It is important to know when, why and how to respond to an emerging threat (risk potential to become an incident). A Disaster Recovery Plan (DRP) provides the ability to be able to respond to early warnings/near misses and incident occurrence. Business must continue to operate (even if this means service quality changes slightly for a period during recovery activity).
The aim of Disaster Recovery Planning is to design a plan, develop and test processes to follow, establish decision-making criteria and knowing what needs to be done, in what order, by who, to restore impacted technology and infrastructure to return the business back to peak efficiency as soon as practical.
a) Design (What, When, Who, How and Priority Order)
b) Develop (BCP driving key infrastructure recovery priority)
c) Test (Physical and Desktop based testing possible incident scenarios)
d) Improve (Seek ways to reduce the incident rate or outage time through infrastructure)
The above is by no means comprehensive, but instead gives us an insight into the thinking around business resilience.
So, you may wish to ask:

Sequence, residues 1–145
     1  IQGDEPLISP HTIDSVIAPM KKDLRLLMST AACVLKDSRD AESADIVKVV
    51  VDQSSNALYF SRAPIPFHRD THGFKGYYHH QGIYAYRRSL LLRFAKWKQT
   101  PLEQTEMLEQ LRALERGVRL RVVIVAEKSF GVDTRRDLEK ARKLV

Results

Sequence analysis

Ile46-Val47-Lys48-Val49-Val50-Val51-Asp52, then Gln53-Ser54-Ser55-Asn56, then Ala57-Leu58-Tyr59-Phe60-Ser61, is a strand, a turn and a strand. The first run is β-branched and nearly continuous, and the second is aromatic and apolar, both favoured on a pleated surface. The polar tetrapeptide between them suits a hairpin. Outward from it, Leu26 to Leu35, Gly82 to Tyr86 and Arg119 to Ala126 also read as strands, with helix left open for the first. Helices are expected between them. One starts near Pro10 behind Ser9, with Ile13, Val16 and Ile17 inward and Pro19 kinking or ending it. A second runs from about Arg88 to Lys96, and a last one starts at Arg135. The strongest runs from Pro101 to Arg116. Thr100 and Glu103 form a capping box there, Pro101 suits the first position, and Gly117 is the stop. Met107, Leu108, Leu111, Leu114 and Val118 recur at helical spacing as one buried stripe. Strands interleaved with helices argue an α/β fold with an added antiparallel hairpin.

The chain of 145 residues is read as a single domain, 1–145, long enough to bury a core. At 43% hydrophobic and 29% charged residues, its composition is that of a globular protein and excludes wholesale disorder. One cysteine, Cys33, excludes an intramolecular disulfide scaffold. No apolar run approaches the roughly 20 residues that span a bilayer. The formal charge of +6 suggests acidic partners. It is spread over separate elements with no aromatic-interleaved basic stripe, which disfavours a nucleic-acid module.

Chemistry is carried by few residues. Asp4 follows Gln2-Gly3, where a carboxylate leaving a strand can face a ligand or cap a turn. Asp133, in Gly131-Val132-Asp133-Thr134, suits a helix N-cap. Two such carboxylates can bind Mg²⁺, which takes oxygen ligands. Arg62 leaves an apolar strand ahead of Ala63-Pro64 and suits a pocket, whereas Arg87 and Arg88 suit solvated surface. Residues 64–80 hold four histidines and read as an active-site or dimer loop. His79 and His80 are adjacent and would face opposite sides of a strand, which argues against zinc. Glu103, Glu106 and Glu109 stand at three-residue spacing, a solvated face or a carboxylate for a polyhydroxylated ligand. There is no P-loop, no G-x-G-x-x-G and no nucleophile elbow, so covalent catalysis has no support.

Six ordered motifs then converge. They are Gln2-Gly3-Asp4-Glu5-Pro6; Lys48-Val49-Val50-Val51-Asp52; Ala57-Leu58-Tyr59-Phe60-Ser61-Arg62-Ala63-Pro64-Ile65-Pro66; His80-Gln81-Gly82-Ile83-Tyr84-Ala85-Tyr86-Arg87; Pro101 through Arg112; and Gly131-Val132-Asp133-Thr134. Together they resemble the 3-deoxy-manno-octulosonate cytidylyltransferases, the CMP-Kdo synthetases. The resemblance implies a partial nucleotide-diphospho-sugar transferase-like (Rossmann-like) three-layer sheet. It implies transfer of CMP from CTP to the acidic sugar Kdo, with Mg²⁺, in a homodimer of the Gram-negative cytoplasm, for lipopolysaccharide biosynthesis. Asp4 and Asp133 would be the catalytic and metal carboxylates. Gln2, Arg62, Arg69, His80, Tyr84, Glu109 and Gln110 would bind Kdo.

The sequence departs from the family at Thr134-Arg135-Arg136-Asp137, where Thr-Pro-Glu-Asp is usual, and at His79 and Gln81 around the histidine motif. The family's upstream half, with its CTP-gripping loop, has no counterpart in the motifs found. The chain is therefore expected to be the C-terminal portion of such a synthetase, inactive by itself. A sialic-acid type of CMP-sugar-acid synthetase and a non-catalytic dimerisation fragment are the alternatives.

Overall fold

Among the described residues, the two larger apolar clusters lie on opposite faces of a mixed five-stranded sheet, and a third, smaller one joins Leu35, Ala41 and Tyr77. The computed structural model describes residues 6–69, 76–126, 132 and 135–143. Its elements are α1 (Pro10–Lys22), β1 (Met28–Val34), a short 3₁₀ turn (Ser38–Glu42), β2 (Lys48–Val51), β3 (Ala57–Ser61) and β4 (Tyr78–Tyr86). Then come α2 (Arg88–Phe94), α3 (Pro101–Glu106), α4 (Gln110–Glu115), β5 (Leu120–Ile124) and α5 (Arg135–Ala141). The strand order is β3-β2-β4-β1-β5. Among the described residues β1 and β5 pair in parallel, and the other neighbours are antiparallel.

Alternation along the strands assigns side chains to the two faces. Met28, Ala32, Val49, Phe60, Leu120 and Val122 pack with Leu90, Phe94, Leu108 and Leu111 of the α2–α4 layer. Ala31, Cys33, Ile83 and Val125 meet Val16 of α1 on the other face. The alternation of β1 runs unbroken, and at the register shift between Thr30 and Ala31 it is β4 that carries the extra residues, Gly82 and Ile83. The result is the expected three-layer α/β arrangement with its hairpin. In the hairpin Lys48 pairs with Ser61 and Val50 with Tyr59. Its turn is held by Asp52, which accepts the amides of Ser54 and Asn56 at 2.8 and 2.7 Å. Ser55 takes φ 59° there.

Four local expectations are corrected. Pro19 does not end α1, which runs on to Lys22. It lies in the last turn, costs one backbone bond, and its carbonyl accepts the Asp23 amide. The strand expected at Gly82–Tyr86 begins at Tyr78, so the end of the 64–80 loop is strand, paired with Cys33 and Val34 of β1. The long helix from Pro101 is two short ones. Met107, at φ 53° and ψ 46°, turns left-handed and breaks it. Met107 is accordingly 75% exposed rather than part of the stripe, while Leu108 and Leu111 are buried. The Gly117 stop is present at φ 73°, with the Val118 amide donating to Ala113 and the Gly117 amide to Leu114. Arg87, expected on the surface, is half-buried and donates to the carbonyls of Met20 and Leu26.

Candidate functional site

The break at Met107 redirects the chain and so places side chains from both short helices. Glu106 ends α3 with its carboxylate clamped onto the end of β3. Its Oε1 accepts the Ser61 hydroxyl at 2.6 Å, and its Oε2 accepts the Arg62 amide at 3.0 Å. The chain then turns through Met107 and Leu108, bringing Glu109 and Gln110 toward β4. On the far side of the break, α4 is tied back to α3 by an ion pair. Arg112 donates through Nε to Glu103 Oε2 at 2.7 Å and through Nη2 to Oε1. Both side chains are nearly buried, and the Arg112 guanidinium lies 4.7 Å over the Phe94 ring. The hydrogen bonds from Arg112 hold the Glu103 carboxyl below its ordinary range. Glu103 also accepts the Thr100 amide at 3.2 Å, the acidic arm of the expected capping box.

- Have I identified key risk scenarios that would hurt my business?
- Are we preventing and monitoring these potential scenario triggers?
- Do I have a Business Continuity Plan?
- Do I have a Disaster Recovery Plan?
- Who is assigned to proactively own and drive the business resilience activities?
If I don’t know the answers to the 5 questions above, then I would benefit from an assessment of my current status.
Insync offers a high-level assessment, in-depth assessments, and assistance in developing roadmaps for business resilience programs so that you can do ‘the doing’ yourself and augment your skillset along the way.
Senior Manager - Risk and Compliance
John is an accomplished risk and recovery professional with over 25 years’ experience in developing and delivering medium to large scale complex enterprise wide initiatives, risk frameworks and complex business investment justifications.
John has developed a strong reputation for ‘thinking outside of the box’ to execute effective strategies, risk/governance processes and business transformation, cultural change management, business readiness/disaster recovery planning, procurement/supply chain strategy, complex business-case development and ICT governance.